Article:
Beyond the run, you also get fitness, stress and body battery energy level tracking.

Sure, the screen is a little more low-quality than watches further up the Forerunner food chain, and there’s no offline music, notifications or Garmin Pay. But for beginners, this is an affordable entry-level option.

Key specs

Screen size1.04″/26.3mm
Battery life (smartwatch mode)Up to 2 weeks
Battery life (GPS)Up to 20 hours
Waterproof rating5ATM

4. BEST FOR MULTISPORTS, Garmin Fenix 7 Solar

Super impressive battery life
Multi band GPS for off-grid running
Premium price tag

The Fenix 7 is arguably one of the most comprehensive multisport watches on the market, featuring advanced training features and top-notch navigation tools. We particularly love the Real-Time Stamina tool, which allows you to monitor and track exertion levels during training runs, rides or races. It gives you a live estimate of how you’re exerting energy during an activity, so you can gauge whether to push harder or hold back.

There’s military-style multi-band GPS, designed to improve GPS accuracy in areas where regular signals can struggle. Though we didn’t find the all-systems multi-GNSS mode made that much difference.

For ultrarunners and adventure athletes, the Up Ahead feature provides exact locations of aid stations, too.

It’s also packed with all the features you’d expect from a smartwatch – including smart notifications delivered right on the wrist, contactless payment, wrist-based heart rate, sleep and stress tracking. This is a watch designed to be worn all day, every day.

You’ll get between 57-73 hours of standard GPS run time which extends up to an impressive 289 hours with the right power save modes on and good solar conditions. In our tests, an hour’s full GPS run burned just 2% and we’d used just 50% after 15 days wear with 10 hours of training. That’s not the best battery in the business, but it’s more than enough even for most multi-day ultras.

Key specs

Screen size1.3″/33mm
Battery life (smartwatch mode)Up to 18 days
Battery life (GPS)Up to 57 hours
Waterproof rating10ATM

5. BEST FOR TRAIL RUNNERS, Garmin Instinct 2 Solar

Impressive suit of training features
Great safety features, including incident detection
Lacks on screen maps

If you want a running watch that can handle more extreme excursions, the Garmin Instinct Solar 2 is worth considering. It’s waterproof to 100m, thermal and shock resistant and has a scratch-resistant display and polymer-toughened case. And the best bit? It’s much more affordable than other Garmin models with similar specs.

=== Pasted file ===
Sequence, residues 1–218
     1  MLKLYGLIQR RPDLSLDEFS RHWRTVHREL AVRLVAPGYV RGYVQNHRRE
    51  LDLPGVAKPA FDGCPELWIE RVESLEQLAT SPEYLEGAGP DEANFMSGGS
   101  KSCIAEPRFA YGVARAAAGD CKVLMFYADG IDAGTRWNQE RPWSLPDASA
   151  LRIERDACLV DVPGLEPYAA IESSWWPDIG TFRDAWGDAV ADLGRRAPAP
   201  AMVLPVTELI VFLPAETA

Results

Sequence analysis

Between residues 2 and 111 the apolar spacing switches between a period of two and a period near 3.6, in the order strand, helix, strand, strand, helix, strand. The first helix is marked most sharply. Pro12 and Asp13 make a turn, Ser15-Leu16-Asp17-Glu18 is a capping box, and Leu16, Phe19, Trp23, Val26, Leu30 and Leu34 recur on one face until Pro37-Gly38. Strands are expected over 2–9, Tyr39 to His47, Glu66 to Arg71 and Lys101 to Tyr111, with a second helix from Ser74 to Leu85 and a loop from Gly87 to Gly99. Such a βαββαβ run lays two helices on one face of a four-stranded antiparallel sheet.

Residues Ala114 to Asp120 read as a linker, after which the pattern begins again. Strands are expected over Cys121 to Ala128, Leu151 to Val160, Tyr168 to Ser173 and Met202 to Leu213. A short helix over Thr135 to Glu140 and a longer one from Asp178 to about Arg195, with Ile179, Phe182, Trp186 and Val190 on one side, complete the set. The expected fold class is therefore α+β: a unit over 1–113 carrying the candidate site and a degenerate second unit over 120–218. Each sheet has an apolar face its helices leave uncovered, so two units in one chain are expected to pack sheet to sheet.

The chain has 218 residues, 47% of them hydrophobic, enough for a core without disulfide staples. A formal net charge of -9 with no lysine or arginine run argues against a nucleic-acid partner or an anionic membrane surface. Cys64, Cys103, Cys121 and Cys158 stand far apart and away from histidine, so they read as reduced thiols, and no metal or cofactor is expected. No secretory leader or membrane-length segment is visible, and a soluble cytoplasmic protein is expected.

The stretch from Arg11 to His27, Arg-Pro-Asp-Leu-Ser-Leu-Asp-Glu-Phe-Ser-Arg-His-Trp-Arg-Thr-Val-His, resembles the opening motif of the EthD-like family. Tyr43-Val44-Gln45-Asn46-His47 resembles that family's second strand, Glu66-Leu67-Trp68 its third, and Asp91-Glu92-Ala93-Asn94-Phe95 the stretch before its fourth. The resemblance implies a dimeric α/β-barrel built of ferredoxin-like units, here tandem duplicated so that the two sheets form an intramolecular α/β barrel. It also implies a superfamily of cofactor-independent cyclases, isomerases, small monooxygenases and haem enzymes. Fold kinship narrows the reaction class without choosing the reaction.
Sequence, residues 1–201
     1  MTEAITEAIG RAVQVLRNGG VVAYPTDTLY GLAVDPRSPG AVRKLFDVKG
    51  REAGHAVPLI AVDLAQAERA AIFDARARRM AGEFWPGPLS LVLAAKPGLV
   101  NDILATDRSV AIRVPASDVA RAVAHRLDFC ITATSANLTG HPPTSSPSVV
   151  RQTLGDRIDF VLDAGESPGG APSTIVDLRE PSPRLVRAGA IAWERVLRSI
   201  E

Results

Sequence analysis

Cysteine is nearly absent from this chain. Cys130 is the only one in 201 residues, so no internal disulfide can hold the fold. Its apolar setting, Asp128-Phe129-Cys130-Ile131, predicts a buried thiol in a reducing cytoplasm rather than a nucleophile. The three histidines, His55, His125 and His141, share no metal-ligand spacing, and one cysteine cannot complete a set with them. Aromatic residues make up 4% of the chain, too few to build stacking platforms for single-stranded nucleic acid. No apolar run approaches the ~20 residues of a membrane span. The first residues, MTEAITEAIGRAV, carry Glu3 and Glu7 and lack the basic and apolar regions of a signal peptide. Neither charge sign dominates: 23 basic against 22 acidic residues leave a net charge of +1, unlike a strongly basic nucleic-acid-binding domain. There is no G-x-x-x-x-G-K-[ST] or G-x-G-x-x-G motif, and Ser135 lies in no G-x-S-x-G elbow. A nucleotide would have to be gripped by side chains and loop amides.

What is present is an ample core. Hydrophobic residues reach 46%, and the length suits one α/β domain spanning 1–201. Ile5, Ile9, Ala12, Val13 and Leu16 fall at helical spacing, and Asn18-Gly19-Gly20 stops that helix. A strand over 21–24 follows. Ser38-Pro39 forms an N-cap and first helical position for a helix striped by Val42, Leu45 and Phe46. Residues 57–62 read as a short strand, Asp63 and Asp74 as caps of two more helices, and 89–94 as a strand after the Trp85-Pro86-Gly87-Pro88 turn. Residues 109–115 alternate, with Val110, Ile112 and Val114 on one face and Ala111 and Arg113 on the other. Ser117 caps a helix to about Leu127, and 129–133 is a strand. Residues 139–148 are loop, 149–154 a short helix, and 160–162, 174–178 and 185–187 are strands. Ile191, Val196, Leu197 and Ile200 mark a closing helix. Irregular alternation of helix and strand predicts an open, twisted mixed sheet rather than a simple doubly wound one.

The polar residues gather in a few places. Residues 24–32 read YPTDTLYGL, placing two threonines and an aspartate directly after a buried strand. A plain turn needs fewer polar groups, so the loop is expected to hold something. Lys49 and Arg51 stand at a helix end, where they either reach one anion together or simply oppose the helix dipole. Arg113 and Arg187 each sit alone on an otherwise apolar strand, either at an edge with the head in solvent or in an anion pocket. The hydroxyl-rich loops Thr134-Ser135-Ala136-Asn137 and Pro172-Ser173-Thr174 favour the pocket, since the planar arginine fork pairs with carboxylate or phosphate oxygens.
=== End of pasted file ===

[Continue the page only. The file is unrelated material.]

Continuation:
It boasts an impressive suit of run-specific tracking, training and recovery tools, including VO2 Max estimates, training status, training load, post-run training effect readings and recovery time recommendations. For health and wellness, there’s Body Battery, Sleep Score, Advanced Sleep Monitoring, Menstrual Cycle Tracking and Stress Tracking.

It ticks all the boxes for safety too, including incident detection and live location sharing, making it well-suited to off-road ultras, plus urban running.

It’s also the cheapest watch to feature Garmin’s breakthrough solar-charging skills which garners energy from the sun. If you wear it in direct sunlight for three hours a day (or in 50,000 lux of light) it essentially never needs charging. Our office-dwelling tester couldn’t quite hit that daily quota of sunlight, so it lasted for around two weeks – still pretty impressive compared with an Apple Watch that doesn’t always last a day.

The lack of maps is surprising on a watch like this but the navigation skills are still strong. You get turn-by-turn breadcrumb and back-to-start navigation, along with distance to destination and future elevation for routes you load onto the watch. That’s particularly useful for trail runs and races.

Key specs

Screen size0.9″ x 0.9″ (23 x 23 mm)
Battery life (smartwatch mode)Up to 28 days/Unlimited with solar
Battery life (GPS)Up to 30 hours/48 hours with solar
Waterproof rating10ATM


Decent battery life
Sleek style, good for everyday wear
In-depth health and wellness features
Lacking some running-specific metrics
No on-watch maps

Looking for something that bridges the gap between a running watch and a smartwatch? Enter the Venu 3. We’re not saying the likes of the Fenix and Instinct can’t be worn all day, but the Venu looks a lot more at home whether you’re exercising or not, and it’s smart enough for most occasions.

GPS is quick to triangulate, battery life is decent (just over an hour of running knocked off around 5% battery), and there are pre-loaded workouts available. Alternatively, you can create your own in the Garmin Connect app, much like with the Apple Watch. You can also configure alerts for heart rate, pace, time, distance, cadence and calories.

There are a few features missing that we’ve come to expect from some of the more ‘running focused’ Garmin watches – the Venu 3 doesn’t have a training readiness score or training status score, and there aren’t really any training-specific features on the Venu watches – you don’t get daily suggested workouts which adapt after every run or ride, recovery recommendations based on your latest training, or race predictions.